CHINA EVOKES TRADE
Beijing on Tuesday urged countries that have enacted travel restrictions aimed at curbing the outbreak to restore normal ties for the sake of the global economy.
In the United States, Federal Reserve Chairman Jerome Powell told Congress that he does not see any signs of a recession on the horizon and that he expects growth to remain solid, although he said the coronavirus is a major unknown for the economy.
The U.S. economy is heavily driven by consumer spending, which remains healthy. Other economies are more dependent on trade, which is starting to be affected by the shutdown of many factories in China.
In China, authorities in the virus-hit city of Wuhan have announced fresh restrictions, making millions of people virtual prisoners in their own homes. Officials there are allowing just one member of a household to go on one shopping trip every three days and placing entire buildings under quarantine.
Two provincial health bosses have been fired as the Communist Party struggles to contain anger over the spread of the virus.
Chinese officials also highlighted the role of clusters, which they defined as two or more infections within a relatively small area, in accelerating the disease's spread.
Wu Zunyou, the chief epidemiologist of China's disease control agency, said at a news conference Tuesday that there had been nearly 1,000 clusters in China, with 83% occurring within families. But schools, factories, shopping centers and medical facilities also contributed to the spread, he said.
But as the outbreak's toll has mushroomed, it has become clear how easily the virus can be transmitted and how hard it may be to contain, even in communities around the world that are far removed from Wuhan. Many of the people infected had not even been there.
In Tianjin, China, authorities ordered more than 10,000 people into quarantine, after they traced one-third of cases in the city to a single department store.
In Hong Kong on Tuesday, dozens of residents were evacuated from their apartment building overnight, as two people living 10 floors apart were found to be infected. Officials said an unsealed pipe might be to blame.
Also in Hong Kong, the U.S. State Department triggered authorized departure of nonessential U.S. personnel and their families, as concerns grow over the outbreak.
The policy provides employees and their families "the option to depart if they wish," a State Department spokesman said in a statement. "Departure is not required."
And in Britain on Tuesday, a businessman who is believed to be the source of 10 other cases in Britain and France said that he showed no symptoms before testing positive for the coronavirus.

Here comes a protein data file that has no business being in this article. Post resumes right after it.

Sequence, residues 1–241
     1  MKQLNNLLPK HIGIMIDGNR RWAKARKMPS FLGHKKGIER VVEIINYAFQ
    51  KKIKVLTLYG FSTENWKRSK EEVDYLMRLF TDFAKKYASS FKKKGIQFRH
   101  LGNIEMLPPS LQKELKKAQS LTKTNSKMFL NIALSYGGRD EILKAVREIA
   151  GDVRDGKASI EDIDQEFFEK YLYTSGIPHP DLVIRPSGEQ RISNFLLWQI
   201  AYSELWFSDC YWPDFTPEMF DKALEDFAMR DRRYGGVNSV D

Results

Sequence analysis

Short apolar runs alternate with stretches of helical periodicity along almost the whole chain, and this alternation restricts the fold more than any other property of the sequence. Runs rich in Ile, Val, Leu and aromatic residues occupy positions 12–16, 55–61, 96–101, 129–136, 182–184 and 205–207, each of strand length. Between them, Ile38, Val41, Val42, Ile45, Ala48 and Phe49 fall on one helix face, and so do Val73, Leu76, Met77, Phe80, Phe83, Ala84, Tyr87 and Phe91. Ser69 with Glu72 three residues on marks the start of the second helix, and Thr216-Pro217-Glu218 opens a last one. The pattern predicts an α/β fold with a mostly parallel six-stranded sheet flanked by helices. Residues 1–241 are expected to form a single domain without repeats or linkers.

Meanwhile, postal operators in the United States, China, Singapore and elsewhere said the suspension of flights to slow the virus spread was having a major impact on the global flow of letters and parcels.
The U.S. Postal Service informed its counterparts around the world Tuesday that it was "experiencing significant difficulties" in dispatching letters, parcels and express mail to China, including Hong Kong and Macau, because airlines have suspended flights to those destinations.
It said in the note that "until sufficient transport capacity becomes available," it would no longer accept mail from other countries that transits through the Postal Service to China, Hong Kong and Macau. That would start immediately, the note said. The Postal Service told said that the hiatus affected only transit mail and not letters and parcels posted in the United States.
The Universal Postal Union, a U.N. agency for postal cooperation between its 192-member countries, said the flight suspensions would affect mail delivery "for the foreseeable future."
The Chinese mail service, China Post, said it was disinfecting postal offices, processing centers and vehicles to ensure the virus doesn't spread through the mail and to protect postal workers.
The virus does "not survive for long on objects. It is therefore safe to receive postal items from China," the Chinese agency said.
Information for this article was contributed by Amy Taxin, John Antczak, Joe McDonald, Elliot Spagat, Robert Jablon, Maria Cheng, John Leicester and Amy Taxin of The Associated Press; by Vivian Wang, Austin Ramzy and Megan Specia of The New York Times; and by Simon Denyer, Rick Noack, Siobhan O'Grady, Heather Long and Joel Achenbach of The Washington Post.
A Section on 02/12/2020
Print Headline: 1st U.S. evacuees in clear; virus, illness given names